Sunday, 13 December 2009

the white ribbon (d. haneke)

My mind is a little blunted by the return of insomnia, and perhaps also the crunching, megalithic nature of Haneke's latest offering.

As a result of which I have only one observation of any note about The White Ribbon. First, however, the observations of little note. Which include the fact that, in spite of hints of narrative, the film in fact appears to be another impressively gruelling example of Haneke's slightly obsessive reluctance to favour an audience with anything in the way of what they expect or (so he might argue) have been lead to subliminally desire. As in Funny Games (and perhaps Hidden), the evil kids walk away unpunished, most of them implicitly destined to become successful members of the National Socialist party. As well as its reluctance to bestow any kind of Grecian notions of justice, the film is also a whodunnit whose detective, the engagingly buffoonish teacher, spends a year putting clues together and then fails to act on them. The unnamed school teacher is no Poirot, and in spite of an implicit decency, it seems unlikely that, having survived the first world war, he will put up much resistance to the rise of Hitler. Brecht wrote, unlucky the land in need of heroes, but Haneke appears to offer a bleak counterpoint: cursed is the land lacking in heroes. Firstly it will suffer the persecution of the evil children, then it will run the risk of fascism; finally it will fall prey to the moral vacuum of modern consumerism.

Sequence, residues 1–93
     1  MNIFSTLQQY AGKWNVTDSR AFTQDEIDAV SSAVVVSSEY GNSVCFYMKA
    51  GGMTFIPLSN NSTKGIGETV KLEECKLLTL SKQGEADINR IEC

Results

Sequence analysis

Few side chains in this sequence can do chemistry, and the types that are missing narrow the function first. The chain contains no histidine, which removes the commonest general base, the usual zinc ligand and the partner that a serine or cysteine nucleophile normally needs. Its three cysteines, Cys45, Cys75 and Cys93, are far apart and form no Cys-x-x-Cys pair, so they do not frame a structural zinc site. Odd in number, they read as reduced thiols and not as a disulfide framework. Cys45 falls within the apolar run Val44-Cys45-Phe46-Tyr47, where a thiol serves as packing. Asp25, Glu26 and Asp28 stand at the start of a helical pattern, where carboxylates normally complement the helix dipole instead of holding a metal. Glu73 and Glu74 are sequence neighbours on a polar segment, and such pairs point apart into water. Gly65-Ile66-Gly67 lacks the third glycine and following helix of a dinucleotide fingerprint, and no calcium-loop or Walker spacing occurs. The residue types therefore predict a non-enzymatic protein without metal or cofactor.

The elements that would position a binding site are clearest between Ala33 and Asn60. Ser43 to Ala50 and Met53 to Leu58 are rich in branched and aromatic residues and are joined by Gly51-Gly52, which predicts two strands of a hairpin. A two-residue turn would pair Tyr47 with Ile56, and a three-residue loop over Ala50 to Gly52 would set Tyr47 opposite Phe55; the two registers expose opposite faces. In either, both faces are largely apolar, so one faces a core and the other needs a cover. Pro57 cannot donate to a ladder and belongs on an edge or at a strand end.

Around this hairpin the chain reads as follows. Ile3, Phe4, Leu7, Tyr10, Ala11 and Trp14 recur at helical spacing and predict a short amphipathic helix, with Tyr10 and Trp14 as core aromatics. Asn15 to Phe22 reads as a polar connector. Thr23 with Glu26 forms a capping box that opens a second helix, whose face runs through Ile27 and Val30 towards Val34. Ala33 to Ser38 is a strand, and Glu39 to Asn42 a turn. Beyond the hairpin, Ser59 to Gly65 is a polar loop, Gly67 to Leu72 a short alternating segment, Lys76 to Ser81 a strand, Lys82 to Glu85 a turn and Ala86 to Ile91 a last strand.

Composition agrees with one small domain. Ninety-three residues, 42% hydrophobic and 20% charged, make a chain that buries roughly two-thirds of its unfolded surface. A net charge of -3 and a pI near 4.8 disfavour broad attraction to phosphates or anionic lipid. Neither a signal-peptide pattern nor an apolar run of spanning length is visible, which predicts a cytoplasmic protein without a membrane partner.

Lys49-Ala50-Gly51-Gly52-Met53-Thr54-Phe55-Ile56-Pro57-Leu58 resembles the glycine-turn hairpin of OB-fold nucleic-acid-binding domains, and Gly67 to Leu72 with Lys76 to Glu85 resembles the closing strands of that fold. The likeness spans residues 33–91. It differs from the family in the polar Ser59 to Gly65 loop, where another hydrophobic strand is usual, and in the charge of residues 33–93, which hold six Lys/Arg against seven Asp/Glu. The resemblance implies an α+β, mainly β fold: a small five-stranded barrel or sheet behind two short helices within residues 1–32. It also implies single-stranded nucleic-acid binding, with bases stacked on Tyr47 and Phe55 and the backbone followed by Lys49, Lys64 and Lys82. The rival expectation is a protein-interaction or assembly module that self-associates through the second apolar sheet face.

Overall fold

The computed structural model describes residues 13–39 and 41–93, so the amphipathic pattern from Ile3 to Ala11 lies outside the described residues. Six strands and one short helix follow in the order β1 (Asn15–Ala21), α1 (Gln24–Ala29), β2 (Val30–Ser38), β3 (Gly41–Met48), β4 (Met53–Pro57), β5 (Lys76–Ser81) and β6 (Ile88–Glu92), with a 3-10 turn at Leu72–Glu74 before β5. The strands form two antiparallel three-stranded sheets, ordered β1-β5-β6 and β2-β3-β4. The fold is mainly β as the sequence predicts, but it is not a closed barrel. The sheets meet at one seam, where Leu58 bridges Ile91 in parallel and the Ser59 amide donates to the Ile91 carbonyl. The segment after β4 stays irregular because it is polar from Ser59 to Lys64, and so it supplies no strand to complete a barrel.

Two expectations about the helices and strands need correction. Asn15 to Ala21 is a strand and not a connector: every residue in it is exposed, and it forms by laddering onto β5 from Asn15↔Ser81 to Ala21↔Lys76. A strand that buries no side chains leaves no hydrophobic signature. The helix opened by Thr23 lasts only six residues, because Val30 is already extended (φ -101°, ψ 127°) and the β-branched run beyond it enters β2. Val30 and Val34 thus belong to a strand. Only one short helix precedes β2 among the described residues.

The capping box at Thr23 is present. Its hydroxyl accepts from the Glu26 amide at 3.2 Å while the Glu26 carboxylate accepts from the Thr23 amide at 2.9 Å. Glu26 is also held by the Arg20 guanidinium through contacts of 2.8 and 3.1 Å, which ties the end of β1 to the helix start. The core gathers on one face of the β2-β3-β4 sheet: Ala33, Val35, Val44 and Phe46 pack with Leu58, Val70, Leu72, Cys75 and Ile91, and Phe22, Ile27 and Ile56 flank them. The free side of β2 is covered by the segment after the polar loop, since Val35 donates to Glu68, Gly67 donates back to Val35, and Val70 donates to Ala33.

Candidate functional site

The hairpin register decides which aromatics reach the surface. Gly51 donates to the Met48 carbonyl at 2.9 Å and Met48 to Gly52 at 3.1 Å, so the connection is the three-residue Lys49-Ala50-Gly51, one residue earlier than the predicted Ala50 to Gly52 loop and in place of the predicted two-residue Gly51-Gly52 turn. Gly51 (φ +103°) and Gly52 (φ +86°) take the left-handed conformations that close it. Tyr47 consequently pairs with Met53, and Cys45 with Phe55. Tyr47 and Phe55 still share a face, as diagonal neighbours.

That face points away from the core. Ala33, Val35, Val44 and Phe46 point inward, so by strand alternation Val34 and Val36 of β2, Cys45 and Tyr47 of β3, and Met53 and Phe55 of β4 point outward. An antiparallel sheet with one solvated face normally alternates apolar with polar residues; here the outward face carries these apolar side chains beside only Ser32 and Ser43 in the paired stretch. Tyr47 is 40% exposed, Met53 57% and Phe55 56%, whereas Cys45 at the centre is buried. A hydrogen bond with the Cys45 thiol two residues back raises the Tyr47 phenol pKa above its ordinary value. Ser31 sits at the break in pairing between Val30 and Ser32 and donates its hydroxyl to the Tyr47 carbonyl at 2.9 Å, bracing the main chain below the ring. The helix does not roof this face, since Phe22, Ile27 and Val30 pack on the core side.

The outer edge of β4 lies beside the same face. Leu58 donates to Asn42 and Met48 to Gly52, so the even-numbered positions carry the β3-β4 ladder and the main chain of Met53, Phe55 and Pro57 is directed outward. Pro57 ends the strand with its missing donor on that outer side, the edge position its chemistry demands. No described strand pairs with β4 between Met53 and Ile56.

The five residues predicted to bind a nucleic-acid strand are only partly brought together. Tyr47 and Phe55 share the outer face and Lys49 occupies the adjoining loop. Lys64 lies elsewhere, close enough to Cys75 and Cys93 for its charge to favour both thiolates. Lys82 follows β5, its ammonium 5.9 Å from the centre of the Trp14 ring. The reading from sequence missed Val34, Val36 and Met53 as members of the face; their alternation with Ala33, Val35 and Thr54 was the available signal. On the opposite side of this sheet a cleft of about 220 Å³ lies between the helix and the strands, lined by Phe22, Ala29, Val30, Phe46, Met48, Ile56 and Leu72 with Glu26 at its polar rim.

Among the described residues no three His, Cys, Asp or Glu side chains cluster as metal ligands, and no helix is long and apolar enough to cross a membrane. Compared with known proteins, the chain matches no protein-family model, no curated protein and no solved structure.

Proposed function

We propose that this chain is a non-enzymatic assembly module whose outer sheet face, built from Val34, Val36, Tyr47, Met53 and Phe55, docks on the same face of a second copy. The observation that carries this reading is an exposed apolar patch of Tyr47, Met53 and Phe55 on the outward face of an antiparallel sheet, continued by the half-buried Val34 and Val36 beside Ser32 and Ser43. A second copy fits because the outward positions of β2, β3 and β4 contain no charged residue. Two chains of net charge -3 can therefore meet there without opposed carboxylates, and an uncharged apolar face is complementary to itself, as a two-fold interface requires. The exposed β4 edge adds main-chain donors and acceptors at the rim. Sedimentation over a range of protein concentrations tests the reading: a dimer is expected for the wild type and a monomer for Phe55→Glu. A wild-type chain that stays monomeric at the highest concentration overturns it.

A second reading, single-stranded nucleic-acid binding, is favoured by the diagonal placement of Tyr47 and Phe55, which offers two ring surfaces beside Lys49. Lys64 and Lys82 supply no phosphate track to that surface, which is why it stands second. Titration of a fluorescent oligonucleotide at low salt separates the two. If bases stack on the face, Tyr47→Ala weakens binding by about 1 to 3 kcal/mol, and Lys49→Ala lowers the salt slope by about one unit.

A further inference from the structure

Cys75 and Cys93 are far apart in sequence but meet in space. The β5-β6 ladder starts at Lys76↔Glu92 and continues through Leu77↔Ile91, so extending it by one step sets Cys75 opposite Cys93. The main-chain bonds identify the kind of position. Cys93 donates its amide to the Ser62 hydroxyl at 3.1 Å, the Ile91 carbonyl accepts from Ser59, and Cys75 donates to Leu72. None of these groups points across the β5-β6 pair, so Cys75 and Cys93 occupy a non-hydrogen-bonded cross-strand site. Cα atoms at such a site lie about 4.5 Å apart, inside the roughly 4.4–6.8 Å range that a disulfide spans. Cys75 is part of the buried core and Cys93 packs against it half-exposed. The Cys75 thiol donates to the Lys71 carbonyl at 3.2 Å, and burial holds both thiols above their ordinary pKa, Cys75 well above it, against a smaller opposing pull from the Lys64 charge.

Having noted all of Haneke's usual barbed contrariness and general cassandrism, my one point of real note relates to his aesthetics. With The White Ribbon the director has followed up on his success d'estime with Hidden (and ridden the strange hurdle of his misjudged US remake of Funny Games), with a film that, in spite of its inherent audience antagonism, has been hailed as a masterpiece, and lauded with the Palme D'Or. Part of the film's success is probably attributable to its inordinately beautiful cinematography, composed on a stark black and white print. Haneke has always been a secret stylist, and here he gives this vice free rein. Given this, no matter how stringent he is in his adherence to his narrative principles, there's something about The White Ribbon's production values that gives it the feel of a weighty classic, redolent of a great European literary tradition, something enhanced by the unusually wordy narration. Perhaps this is part of another game within a game, but it's not hard to see how the lofty aesthetics allow critics to drool; and have helped The White Ribbon to have generated a contrarily eulogistic response, which somehow doesn't seem in keeping with Haneke's aspirations. As ever, with cinema, the production values themselves contribute and in some way seem to impose their own set of values, irrespective of the filmmakers' own intentions.

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